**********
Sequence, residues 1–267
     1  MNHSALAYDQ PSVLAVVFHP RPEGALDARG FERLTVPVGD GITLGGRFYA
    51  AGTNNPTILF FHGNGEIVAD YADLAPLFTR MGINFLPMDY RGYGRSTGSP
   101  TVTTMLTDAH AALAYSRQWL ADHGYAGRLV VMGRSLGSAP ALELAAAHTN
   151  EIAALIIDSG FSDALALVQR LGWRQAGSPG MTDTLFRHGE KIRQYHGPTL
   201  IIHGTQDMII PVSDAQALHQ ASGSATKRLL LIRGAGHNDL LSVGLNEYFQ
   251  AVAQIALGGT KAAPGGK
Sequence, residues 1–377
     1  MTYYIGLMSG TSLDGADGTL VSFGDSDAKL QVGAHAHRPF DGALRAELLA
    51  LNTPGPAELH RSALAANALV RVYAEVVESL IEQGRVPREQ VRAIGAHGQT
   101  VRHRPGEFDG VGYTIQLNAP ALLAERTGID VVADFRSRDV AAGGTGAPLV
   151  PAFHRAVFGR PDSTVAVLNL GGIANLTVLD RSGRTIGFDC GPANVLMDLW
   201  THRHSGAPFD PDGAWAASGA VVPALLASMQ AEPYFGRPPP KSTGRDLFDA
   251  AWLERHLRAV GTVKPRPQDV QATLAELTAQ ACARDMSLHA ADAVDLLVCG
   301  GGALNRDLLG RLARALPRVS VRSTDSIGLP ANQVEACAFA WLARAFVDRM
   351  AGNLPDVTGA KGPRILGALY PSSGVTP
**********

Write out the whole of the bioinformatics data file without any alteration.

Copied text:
Sequence, residues 1–267
     1  MNHSALAYDQ PSVLAVVFHP RPEGALDARG FERLTVPVGD GITLGGRFYA
    51  AGTNNPTILF FHGNGEIVAD YADLAPLFTR MGINFLPMDY RGYGRSTGSP
   101  TVTTMLTDAH AALAYSRQWL ADHGYAGRLV VMGRSLGSAP ALELAAAHTN
   151  EIAALIIDSG FSDALALVQR LGWRQAGSPG MTDTLFRHGE KIRQYHGPTL
   201  IIHGTQDMII PVSDAQALHQ ASGSATKRLL LIRGAGHNDL LSVGLNEYFQ
   251  AVAQIALGGT KAAPGGK
Sequence, residues 1–377
     1  MTYYIGLMSG TSLDGADGTL VSFGDSDAKL QVGAHAHRPF DGALRAELLA
    51  LNTPGPAELH RSALAANALV RVYAEVVESL IEQGRVPREQ VRAIGAHGQT
   101  VRHRPGEFDG VGYTIQLNAP ALLAERTGID VVADFRSRDV AAGGTGAPLV
   151  PAFHRAVFGR PDSTVAVLNL GGIANLTVLD RSGRTIGFDC GPANVLMDLW
   201  THRHSGAPFD PDGAWAASGA VVPALLASMQ AEPYFGRPPP KSTGRDLFDA
   251  AWLERHLRAV GTVKPRPQDV QATLAELTAQ ACARDMSLHA ADAVDLLVCG
   301  GGALNRDLLG RLARALPRVS VRSTDSIGLP ANQVEACAFA WLARAFVDRM
   351  AGNLPDVTGA KGPRILGALY PSSGVTP